New Film Spotlights Palestinian Women Navigating Life 'In Between' Cultures
Filmmaker Maysaloun Hamoud does not like being typecast.
"The Israelis say, you don't look Arab or Palestinian," she says, rolling her eyes. "Huh? If I wear a dress or outfit that [doesn't look] religious, I cannot be a Palestinian? I have to be, like, exactly how you design me?"
Hamoud is 35, wearing a long skirt, tank top and rose-tinted sunglasses. The title of her acclaimed and controversial film Bar Bahar — or In Between in English — is tattooed in Arabic and English on her right forearm.
We meet at a cafe near her home in the seaside port of Jaffa, next to Tel Aviv. She's hugging her pet Siberian Husky.
The intense child of Palestinian communists from the Arab village of Deir Hanna in the Galilee, Hamoud was born in Budapest, Hungary, and grew up in Beersheba, Israel. She is among the 20 percent of Israeli citizens who are Palestinians.
So are the three main characters in her film.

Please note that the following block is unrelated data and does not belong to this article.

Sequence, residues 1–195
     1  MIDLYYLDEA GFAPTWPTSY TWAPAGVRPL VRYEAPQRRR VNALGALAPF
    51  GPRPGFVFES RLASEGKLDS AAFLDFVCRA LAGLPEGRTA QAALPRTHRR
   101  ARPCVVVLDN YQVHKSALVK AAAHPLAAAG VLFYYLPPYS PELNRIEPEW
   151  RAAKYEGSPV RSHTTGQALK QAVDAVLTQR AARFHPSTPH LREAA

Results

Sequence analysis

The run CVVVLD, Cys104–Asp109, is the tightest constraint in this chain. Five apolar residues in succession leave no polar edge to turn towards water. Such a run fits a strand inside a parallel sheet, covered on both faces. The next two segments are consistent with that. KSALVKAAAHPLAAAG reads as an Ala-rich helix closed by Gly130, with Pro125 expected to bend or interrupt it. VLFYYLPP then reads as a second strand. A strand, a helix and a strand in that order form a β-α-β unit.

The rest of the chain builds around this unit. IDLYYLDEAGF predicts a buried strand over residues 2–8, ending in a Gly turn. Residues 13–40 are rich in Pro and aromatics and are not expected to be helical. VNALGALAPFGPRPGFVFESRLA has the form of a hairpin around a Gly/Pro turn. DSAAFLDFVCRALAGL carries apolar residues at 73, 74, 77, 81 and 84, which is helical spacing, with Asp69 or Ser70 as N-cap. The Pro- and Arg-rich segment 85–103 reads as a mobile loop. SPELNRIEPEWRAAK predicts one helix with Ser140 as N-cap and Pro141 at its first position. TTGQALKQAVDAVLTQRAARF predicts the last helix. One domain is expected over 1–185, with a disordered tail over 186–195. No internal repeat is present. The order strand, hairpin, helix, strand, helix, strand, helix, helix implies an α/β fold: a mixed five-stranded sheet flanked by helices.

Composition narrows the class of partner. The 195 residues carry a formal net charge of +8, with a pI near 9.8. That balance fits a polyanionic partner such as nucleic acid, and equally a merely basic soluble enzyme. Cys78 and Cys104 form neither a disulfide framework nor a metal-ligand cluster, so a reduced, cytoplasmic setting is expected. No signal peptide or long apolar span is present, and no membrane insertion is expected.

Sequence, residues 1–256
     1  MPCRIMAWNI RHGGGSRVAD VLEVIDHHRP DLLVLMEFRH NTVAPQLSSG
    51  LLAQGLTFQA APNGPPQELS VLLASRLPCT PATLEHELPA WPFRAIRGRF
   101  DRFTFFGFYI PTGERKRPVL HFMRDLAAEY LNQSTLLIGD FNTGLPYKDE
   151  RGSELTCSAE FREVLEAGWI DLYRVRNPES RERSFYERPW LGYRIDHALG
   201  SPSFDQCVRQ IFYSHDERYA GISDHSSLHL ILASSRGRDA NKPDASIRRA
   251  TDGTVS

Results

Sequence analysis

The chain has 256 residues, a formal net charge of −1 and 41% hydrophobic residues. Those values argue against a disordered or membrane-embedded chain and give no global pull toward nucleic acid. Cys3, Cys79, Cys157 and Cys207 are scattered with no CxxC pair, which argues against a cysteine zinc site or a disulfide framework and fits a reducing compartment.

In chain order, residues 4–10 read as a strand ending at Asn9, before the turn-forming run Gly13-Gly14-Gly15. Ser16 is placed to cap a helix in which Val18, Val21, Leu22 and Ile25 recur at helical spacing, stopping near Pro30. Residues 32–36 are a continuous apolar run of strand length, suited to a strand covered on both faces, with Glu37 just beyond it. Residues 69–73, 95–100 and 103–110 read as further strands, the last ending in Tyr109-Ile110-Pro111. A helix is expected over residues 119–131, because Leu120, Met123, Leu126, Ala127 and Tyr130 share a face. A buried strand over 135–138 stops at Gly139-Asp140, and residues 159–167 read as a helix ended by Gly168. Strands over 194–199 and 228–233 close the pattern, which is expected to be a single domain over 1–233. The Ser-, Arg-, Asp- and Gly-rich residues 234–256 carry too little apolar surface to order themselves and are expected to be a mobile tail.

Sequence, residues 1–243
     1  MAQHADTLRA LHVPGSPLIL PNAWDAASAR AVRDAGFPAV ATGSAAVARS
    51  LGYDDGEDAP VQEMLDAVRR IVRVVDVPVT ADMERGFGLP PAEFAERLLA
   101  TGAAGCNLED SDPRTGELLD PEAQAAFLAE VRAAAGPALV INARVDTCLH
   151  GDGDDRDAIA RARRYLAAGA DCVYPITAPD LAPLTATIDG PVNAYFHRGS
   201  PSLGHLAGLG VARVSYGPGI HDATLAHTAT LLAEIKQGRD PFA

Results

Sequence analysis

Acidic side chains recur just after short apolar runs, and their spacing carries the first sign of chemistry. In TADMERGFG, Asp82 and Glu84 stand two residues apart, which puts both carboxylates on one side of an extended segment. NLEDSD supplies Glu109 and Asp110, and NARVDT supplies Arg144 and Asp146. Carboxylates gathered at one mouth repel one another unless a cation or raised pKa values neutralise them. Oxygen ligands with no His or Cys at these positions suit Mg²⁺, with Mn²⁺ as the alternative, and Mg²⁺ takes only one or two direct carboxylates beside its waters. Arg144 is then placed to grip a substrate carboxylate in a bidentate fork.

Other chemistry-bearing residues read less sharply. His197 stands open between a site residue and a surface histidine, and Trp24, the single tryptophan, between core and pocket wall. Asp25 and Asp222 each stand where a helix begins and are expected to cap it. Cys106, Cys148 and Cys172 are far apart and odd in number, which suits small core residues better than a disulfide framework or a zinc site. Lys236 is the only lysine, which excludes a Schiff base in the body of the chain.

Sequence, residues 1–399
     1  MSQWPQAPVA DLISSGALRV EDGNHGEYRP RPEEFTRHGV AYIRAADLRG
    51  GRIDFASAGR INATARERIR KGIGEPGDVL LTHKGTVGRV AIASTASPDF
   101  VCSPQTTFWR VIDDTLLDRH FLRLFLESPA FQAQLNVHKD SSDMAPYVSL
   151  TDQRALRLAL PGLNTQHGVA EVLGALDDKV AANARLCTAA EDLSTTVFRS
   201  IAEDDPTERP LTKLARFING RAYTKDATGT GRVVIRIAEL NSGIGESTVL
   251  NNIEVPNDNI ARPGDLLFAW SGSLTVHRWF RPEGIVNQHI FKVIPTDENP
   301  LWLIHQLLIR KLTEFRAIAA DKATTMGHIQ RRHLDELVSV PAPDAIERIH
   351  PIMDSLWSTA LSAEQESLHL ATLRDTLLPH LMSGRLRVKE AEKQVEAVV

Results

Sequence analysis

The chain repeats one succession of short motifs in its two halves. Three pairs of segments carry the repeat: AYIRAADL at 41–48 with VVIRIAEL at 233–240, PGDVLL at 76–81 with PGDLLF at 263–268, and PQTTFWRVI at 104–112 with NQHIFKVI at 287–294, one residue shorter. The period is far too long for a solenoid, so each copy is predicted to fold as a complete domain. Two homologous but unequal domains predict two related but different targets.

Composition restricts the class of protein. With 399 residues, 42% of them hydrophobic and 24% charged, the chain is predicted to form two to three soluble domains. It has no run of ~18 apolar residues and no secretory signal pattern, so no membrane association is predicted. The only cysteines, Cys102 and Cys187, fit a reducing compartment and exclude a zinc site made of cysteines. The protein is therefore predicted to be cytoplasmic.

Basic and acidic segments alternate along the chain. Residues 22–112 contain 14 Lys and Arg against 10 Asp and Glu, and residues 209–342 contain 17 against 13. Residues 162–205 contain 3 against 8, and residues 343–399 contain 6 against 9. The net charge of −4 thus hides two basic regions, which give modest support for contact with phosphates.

Layla, Salma and Nour are three young women who share an apartment in Tel Aviv's Yemenite quarter.
"There is a lot of me in each of these three characters," Hamoud says. "I wrote them from my soul."
As a film student, Hamoud made four short films, including Shades of Light, which explored gender and identity in Palestinian society. In Between, an Israeli-French co-production, is her first full-length feature.
The film chronicles how Layla, Salma and Nour try to be their true selves — ambitious, educated, sexually liberated — while caught between a conservative Palestinian culture and a more liberal Israeli state that does not see them as equals.
"They are fighters," Hamoud says. "Each of them, in her way, fights to not compromise herself."